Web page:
In the absence of the frequent family gathering, I have grown to love, if not the sham history of the holiday, then what the idea of the holiday represents…coming together, helping each other out, recognizing what we have, and why all those elements are potentially so great.

Again this year, my immediate family and I are going out to eat for Thanksgiving–at a favorite restaurant where we’ve enjoyed Thanksgiving dinner before. Again this year, it is a function of our work schedules. That is to say, we could request time off, but, as with every year of the last decade, I work in a 24/7 operation, and M works at a school that caters to doctors (who work in a 24/7 operation). So, we pick and choose which holidays to celebrate more or less enthusiastically.

M was insisting she wanted to make a Thanksgiving meal this year. When the idea was first proposed, I went along with it. Then, at some later time, the kid and I ganged up on her, and pointed out that she had to work the day before, and the day after, Thanksgiving, as do I.  Well, actually, I’m working the day before, the day of, and the day after Thanksgiving, which means a portion of the argument rested on what a pain it would be for me to help do the shopping and cooking and all that, while still attempting to get any sleep–have I mentioned that I work nights?  Coordinating the menu, the purchase of the food, and the preparation of the food, was far more work than we were all ultimately prepared to do, all for just the three of us.

We managed to nail down Christmas plans that would allow more time before and after that holiday to indulge in such excessive amounts of preparation and work, and still get in a fair amount of relaxation, all in the company of family. I’ll hold to my feeling that thanks shouldn’t be a chore, and that holidays should be centered around a desire to celebrate, rather than an obligation to go through the motions of celebration.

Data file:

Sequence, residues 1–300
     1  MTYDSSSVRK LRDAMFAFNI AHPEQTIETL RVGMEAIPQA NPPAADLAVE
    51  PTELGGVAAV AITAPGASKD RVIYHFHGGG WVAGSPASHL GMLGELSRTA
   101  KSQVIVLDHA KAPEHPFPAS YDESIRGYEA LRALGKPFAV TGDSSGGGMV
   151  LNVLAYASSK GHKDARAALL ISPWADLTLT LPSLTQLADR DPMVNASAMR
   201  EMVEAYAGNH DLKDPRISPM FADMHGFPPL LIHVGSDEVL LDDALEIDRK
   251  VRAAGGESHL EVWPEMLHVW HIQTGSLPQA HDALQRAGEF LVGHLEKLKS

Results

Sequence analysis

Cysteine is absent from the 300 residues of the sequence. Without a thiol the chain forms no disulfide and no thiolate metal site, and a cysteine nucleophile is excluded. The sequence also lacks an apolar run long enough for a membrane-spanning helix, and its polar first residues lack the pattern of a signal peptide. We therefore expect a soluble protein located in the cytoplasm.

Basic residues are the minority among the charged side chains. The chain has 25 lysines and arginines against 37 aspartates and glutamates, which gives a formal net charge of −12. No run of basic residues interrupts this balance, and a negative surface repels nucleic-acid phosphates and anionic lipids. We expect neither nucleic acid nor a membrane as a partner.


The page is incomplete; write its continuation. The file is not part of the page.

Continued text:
I am incredibly thankful, once again, that I have the great fortune to pay to indulge in the hospitality provided by others. And once again, I intend to tip with guilt-laden generosity.

Wherever you are today, I hope you have reason to recognize your situation as one of great fortune as well.

Happy Thanksgiving.

 

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Happy Halloween! The New Decorations: 2016

by

J.C. Schildbach, LMHC

We’re breaking records for October rain here in this part of the world–as well as having just generally rotten weather–so much so that I kept blowing off putting up the decorations.  I still haven’t gotten the lights set out–the big LED lamps that illuminate the whole Halloween display.  I’ll get to that as soon as I’m done posting this…and well before I dry out from having just gone out to hang the new decorations.  (Yep, taking it down to the wire, despite Halloween and tricks and treats falling on a school night plagued by terrible weather).

Both of the new pieces are based on drawings the kid did many years ago, when she was about five.  Of course, there are modifications.  I’d post images of the source material, but I didn’t ask her permission for that.  Maybe later.

deca-hand

What is it?!?  Isn’t it obvious?